Christians charged to support the fight against corruption

The Supt. Minister for New Tafo Circuit for The Methodist Church of Ghana, in Kumasi, Very Rev. Dr. Samuel Edubate Nketsia has charged on Christians to support the government to fight bribery, corruption and extortion in the country, as they enter into a new year.

He said corruption, which had become a national canker could not be left alone for government,  politicians and those holding high offices to fight it, but also Christians involving themselves.

Very Rev. Samuel Nketia, who is in charge of Dunwell Methodist Church in Dichemso in Kumasi, was speaking to Otec News’ Francis Appiah at the church premises during the 31st December Watch night service to usher in a new year (2018) on Sunday December 31, 2017.

He said, as Christians, they must transfer the Christian moral values that are taught in churches to their various institutions they work.

“As we enter into a new year, Christians must help the government to fight corruption in the country. In the churches, they are taught according to the Holy Bible to be faithful and not to indulge in immoral practices, which corruption is one, so they must live upright and exemplary lives by avoiding corruption in their places,” he said.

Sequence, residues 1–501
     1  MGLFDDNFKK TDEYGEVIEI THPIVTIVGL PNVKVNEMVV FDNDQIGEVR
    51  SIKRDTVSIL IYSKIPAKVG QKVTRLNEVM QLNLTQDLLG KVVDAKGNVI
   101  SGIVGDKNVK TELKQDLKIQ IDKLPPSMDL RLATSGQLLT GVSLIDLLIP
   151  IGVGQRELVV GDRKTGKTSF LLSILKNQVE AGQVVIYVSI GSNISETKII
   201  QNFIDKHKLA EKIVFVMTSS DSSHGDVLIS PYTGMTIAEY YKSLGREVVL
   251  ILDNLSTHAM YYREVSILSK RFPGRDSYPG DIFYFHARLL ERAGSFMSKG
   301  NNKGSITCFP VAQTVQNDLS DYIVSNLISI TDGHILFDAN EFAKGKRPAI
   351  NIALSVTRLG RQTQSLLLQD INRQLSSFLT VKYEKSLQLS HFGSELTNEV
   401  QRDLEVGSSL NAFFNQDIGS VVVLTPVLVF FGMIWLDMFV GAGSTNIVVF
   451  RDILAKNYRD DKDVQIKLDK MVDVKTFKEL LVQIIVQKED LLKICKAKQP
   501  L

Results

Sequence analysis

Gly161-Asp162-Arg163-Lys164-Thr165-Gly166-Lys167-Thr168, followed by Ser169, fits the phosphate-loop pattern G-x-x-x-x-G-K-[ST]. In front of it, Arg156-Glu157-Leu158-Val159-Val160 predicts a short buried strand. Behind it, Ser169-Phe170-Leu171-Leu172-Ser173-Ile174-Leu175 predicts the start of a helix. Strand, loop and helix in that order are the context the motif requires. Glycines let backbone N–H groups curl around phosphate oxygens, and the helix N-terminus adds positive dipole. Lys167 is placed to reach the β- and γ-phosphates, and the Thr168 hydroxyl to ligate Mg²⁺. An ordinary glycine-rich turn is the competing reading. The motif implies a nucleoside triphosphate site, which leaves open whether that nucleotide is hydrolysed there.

“Now Christians are condoning with other unbelievers in corruption. If you go to other institutions you will see Christians occupying higher positions, and there are a lot corrupt practices going on there, who do you think are involved?” he asked.

He said Christians can only help in the fight against corruption by desisting from joining unbelievers in immoral practices, and also if they (Christians) discharge their duties as they learn and do in churches.

“Christians’ lives in churches shouldn’t be different from what they live in their various homes and offices, I believe their actions should reflect on what they learn in churches”, he added.

He said dishonest and fraudulent practices had become a huge bother and the church could not remain silent.

He urged Christians to ensure that their lives were meaningful to others in the society by refusing to be associated with anything indecent, undignified and evil.

Source; Francis Appiah

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